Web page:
An Orthopedist ensures the possibility of the right treatment option. Some of these treatments include physiotherapy for the strengthening of the muscles, analgesic medications and nonsteroidal anti-inflammatory drugs. If none of the treatments helps, surgery is the only option.

Surgery is required for the treating malformation of the hip (the collum femoris or osteotomy of the pelvis), total hip replacement. Not necessarily, surgery is the only option since certain precautionary methods can also help over the time. They include avoiding sports that include joint overload, cycling and swimming.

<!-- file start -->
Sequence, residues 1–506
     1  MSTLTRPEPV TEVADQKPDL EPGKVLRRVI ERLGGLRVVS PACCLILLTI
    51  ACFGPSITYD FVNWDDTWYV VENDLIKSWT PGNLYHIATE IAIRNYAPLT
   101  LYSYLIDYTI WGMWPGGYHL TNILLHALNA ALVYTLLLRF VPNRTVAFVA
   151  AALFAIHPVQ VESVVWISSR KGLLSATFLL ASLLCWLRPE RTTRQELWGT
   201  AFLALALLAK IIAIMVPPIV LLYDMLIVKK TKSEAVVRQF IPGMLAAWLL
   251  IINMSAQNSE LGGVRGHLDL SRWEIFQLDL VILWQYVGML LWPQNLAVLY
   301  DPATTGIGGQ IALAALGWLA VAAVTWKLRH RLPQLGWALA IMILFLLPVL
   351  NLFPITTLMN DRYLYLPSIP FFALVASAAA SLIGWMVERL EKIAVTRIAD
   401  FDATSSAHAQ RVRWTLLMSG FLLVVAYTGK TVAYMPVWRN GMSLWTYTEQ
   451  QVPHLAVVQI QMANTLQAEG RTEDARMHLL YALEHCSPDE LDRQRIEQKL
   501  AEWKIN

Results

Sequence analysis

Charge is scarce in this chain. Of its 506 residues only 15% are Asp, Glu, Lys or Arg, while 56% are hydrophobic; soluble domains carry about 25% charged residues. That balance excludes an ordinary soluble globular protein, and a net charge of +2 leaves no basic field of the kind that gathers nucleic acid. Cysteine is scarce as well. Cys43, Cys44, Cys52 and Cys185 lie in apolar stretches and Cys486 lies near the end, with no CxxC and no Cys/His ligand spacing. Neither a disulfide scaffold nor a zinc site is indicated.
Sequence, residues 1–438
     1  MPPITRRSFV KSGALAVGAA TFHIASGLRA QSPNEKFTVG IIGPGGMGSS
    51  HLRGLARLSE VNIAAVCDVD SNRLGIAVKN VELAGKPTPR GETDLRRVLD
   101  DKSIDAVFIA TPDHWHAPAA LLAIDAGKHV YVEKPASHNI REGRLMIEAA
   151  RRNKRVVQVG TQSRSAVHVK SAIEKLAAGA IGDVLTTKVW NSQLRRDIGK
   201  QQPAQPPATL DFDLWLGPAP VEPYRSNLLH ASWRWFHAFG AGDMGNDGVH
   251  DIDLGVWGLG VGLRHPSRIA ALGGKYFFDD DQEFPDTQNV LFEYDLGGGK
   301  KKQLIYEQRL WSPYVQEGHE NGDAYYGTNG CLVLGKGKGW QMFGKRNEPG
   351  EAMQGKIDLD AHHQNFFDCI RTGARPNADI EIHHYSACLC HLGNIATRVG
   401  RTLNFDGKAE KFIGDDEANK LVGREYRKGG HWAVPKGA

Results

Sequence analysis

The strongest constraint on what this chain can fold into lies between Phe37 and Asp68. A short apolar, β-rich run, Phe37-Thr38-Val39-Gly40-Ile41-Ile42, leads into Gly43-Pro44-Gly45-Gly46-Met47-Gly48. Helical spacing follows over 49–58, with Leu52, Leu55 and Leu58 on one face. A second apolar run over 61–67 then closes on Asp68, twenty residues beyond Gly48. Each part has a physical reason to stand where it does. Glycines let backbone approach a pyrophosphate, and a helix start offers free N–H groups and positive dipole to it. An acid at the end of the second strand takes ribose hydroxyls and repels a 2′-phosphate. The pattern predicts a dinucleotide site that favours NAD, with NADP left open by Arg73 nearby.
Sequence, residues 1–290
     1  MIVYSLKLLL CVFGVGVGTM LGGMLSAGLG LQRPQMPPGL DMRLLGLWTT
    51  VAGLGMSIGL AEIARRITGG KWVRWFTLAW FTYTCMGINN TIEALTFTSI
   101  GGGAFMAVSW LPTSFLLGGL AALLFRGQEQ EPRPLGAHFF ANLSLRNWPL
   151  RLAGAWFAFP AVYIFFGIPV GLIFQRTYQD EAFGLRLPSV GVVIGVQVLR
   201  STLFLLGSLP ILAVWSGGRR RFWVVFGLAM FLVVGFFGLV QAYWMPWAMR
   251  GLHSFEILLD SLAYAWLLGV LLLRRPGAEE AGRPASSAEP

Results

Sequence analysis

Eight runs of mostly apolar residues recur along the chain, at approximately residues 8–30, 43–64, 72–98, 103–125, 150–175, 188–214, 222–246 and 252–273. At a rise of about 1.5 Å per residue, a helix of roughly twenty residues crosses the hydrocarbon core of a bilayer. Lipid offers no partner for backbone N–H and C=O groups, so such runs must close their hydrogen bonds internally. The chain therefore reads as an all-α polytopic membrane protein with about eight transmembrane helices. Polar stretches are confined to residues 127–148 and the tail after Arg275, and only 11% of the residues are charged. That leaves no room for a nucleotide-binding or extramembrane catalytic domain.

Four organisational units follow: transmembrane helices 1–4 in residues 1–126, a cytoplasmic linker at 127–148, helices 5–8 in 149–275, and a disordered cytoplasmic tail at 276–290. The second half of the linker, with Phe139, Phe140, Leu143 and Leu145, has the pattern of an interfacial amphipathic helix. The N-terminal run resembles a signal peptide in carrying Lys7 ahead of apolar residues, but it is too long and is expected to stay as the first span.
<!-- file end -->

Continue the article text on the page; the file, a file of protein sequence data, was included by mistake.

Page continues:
Sometimes, using deambulatory aids, crutches or a wheelchair may avert hip pain. Also, if you have a problem when writing with your hand, you may use a pen having a wide grip since it aids in flexibility.

Epiphyseal disorders should not be ignored by assessed with medical attention to ensure the right treatment option. The common misconception regarding MED is that it is a birth defect and cannot be treated. But over the time, with the advancement of medical science, various treatments are available that ensure a better and convenient living for the victims

Epiphysis Pictures

Epiphysis Image
Picture 1 – Epiphysis

Epiphysis Picture
Picture 2 – Epiphysis

References

http://en.wikipedia.org/wiki/Epiphysis

http://medical-dictionary.thefreedictionary.com/epiphysis

http://www.skeletalsystem.net/long_bone.php

Last updated on June 28th, 2018 at 11:39 am